In May of 1981, Throbbing Gristle, the world-renowned noise pioneers often credited with inventing the genre of industrial music, played a final, legendary show in San Francisco and then broke up. Last Thursday, April 23, the original line up of vocalist Genesis P-Orridge, Peter “Sleazy” Christopherson (found sounds/laptop), Cosey Fanni Tutti (guitars), and Chris Carter (synthesizer/laptop) returned to San Francisco for the first time since reforming in 2004, to play a sold-out show at the Grand Ballroom at the Regency Center.
After welcoming the audience to the “Throbbing Gristle Experience,” the pandrogynous, platinum blonde Genesis announced, “I have a story to tell. It’s a children’s story. Well, it’s about children being murdered…that counts, right?” The band then launched into “Very Friendly,” a sadistic tale of a real life pair of Manchester–based serial killers from the 60s. Welcome to the Throbbing Gristle experience indeed.
The set continued with the hypnotic “Persuasion,” a haunting hymn of psychological perversion, followed by “Something Came Over Me”, an equally depraved narrative sung over the sort of churning beat that might emanate from a washing machine the size of a Muni bus. Next came an extended instrumental break, with Genesis’ bottle rocket-sounding electric violin screeching through a ghastly hum, heavy like the gasp of an army of iron lungs respiring in unison.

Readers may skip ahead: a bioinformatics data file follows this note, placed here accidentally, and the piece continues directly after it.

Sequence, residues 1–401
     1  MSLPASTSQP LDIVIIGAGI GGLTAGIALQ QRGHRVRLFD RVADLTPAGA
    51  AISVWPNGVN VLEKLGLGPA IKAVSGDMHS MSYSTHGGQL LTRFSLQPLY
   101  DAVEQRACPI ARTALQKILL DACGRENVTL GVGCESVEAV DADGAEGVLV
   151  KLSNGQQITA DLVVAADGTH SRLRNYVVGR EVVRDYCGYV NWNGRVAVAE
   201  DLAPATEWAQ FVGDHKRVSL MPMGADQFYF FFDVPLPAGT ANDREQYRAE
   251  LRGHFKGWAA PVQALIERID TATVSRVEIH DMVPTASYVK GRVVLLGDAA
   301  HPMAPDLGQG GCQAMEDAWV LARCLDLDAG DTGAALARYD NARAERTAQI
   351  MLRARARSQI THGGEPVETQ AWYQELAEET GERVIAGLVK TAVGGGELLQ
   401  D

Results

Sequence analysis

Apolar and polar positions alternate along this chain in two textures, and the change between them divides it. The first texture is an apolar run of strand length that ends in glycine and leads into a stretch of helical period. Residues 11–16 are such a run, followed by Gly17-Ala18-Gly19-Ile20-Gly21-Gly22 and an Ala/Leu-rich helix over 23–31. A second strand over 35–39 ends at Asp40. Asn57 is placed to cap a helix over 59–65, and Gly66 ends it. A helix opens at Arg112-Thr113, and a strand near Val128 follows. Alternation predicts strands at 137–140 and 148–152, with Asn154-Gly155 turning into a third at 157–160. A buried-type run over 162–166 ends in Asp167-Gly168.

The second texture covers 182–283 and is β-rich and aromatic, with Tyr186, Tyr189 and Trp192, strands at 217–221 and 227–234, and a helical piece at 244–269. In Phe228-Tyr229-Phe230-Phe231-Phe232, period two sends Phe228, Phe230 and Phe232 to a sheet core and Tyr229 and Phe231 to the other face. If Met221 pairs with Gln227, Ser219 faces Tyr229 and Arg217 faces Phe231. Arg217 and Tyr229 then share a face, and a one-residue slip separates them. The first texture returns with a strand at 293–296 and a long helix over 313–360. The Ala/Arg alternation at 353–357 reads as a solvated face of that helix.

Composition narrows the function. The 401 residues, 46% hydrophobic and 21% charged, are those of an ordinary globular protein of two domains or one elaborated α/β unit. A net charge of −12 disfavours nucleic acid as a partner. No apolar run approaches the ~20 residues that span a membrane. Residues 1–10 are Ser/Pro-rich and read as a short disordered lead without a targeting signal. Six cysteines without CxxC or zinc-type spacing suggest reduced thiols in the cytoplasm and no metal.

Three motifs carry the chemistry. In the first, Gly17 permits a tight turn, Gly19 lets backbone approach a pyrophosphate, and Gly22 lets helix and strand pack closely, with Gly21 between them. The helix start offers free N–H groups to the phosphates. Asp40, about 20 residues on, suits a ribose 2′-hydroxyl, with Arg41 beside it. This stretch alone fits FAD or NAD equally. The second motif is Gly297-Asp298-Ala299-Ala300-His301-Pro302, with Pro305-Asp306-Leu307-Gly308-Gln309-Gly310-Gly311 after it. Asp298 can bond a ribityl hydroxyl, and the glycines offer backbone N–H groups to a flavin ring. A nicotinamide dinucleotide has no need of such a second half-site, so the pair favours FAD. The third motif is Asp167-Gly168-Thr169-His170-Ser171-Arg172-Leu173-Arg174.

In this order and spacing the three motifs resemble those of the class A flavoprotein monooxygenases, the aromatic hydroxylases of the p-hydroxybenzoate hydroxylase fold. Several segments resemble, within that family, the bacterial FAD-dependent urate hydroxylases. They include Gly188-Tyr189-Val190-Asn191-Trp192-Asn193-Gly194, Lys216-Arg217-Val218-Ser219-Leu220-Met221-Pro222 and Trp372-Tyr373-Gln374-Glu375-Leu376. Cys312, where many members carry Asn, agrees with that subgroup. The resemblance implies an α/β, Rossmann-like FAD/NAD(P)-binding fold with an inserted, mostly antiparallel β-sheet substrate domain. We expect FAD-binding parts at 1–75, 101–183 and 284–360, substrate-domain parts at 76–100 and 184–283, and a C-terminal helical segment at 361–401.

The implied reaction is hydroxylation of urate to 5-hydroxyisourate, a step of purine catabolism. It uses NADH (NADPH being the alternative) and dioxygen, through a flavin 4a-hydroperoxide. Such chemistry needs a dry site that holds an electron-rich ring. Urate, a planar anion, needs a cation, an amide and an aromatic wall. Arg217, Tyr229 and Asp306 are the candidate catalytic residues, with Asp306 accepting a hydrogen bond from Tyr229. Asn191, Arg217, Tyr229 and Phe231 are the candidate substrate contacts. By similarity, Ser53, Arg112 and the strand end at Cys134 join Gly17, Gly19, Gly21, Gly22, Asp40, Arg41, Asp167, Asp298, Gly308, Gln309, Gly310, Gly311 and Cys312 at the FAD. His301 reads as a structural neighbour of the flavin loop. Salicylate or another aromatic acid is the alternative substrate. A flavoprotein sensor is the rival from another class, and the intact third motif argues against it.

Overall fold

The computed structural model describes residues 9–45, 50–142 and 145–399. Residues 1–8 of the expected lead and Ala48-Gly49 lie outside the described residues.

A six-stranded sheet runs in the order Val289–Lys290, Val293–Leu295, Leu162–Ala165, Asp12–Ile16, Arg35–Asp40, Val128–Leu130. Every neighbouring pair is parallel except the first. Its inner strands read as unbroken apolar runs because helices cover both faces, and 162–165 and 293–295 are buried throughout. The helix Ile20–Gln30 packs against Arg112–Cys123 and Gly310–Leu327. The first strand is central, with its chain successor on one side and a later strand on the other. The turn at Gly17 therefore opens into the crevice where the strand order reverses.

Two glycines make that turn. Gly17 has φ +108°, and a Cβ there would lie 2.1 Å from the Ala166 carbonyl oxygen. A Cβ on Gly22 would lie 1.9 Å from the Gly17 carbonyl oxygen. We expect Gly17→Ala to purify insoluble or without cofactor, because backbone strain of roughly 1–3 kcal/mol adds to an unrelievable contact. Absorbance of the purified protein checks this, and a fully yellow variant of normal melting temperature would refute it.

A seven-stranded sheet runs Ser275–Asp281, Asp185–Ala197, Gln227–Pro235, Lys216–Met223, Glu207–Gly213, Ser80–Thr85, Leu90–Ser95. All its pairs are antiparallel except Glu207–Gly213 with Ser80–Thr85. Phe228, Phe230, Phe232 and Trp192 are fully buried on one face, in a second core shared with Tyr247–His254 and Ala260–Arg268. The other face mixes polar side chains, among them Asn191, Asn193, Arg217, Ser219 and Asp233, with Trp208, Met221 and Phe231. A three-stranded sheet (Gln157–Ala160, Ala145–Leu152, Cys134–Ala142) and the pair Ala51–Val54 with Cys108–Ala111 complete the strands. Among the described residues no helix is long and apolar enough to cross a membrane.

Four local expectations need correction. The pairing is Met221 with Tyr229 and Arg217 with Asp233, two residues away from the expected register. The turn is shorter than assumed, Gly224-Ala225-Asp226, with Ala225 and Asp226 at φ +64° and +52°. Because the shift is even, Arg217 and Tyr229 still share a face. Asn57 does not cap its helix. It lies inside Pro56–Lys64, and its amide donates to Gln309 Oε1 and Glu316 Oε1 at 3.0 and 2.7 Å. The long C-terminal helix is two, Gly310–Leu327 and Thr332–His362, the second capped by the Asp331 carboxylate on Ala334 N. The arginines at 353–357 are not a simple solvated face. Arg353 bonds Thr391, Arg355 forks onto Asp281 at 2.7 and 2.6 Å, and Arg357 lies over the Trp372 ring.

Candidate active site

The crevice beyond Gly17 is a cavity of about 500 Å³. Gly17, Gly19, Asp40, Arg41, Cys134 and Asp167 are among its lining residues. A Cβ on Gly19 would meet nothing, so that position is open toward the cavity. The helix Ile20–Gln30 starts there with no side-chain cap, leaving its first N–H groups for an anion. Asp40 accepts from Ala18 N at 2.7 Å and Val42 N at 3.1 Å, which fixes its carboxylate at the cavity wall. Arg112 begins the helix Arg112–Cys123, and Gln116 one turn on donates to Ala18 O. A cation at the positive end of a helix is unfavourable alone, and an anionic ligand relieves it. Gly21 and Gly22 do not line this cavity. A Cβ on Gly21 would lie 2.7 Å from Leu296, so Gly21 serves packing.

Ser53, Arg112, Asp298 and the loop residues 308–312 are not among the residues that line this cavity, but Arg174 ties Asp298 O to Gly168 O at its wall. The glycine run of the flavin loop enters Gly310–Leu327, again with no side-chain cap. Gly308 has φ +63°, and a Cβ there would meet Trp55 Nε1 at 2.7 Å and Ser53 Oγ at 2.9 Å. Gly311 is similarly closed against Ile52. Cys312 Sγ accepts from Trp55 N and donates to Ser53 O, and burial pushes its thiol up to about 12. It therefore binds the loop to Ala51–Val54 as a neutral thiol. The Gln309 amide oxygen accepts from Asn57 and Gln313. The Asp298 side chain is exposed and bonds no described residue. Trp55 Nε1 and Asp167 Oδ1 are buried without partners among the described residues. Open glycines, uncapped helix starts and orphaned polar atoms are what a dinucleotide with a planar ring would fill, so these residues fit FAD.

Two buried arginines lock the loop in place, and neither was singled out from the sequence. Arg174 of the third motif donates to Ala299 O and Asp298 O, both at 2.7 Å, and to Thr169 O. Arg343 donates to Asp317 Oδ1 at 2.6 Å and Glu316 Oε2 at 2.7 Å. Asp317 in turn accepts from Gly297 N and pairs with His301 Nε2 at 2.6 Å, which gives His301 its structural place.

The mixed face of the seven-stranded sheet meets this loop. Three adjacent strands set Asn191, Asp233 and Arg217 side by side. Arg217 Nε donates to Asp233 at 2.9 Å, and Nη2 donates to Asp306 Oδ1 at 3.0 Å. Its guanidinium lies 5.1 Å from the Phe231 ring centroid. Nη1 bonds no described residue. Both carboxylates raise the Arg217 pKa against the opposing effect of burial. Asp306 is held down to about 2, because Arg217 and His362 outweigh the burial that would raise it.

The band then played old favorite “Hamburger Lady,” featuring morbid lyrics of charred flesh, sung over an unearthly buzz, like the drone of a mechanized termite hive. After the funereal “Almost a Kiss,” Genesis brought her daughter Genesse on stage for an introduction, admonishing the audience not to get “any weird ideas.”
During the melancholy “Endless Not” Genesis crooned, “Will you choose the easy way out” over and over while Christopherson, draped in a faux-Dalmatian boxing robe, unleashed a bass-laden rumble, like controlled detonations inside a cement mixer. Genesis next growled through “What a Day,” her harsh vocals grinding against a wall of sound built from the kaleidoscopic noise of discarded machinery.
The set was perhaps not the transgressive sort of affair that characterized Throbbing Gristle’s earlier career, but the sight of a 59-year-old transgender woman rapping and leaping about with Flavor Flav-like abandon would probably have been radical enough for anyone not savvy to the band’s idiosyncrasies. The crowd though, composed of financial district suits, leather bound Armory types, and several demographics in between, appeared to be mostly all longtime fans and followers, so nothing in the retrospective set, musical or otherwise, seemed to come as much of a shock. Still, by the time the band closed with the iconic “Discipline,” the audience had been worked into a near frenzy. Carter and Tutti stepped away from their laptops and held up cameras to take video of their fans as the nuclear winter came to a climax.
Erika M. Anderson opened the night with a twenty-minute narcotic drenching that provided a solid lead-in to the main act.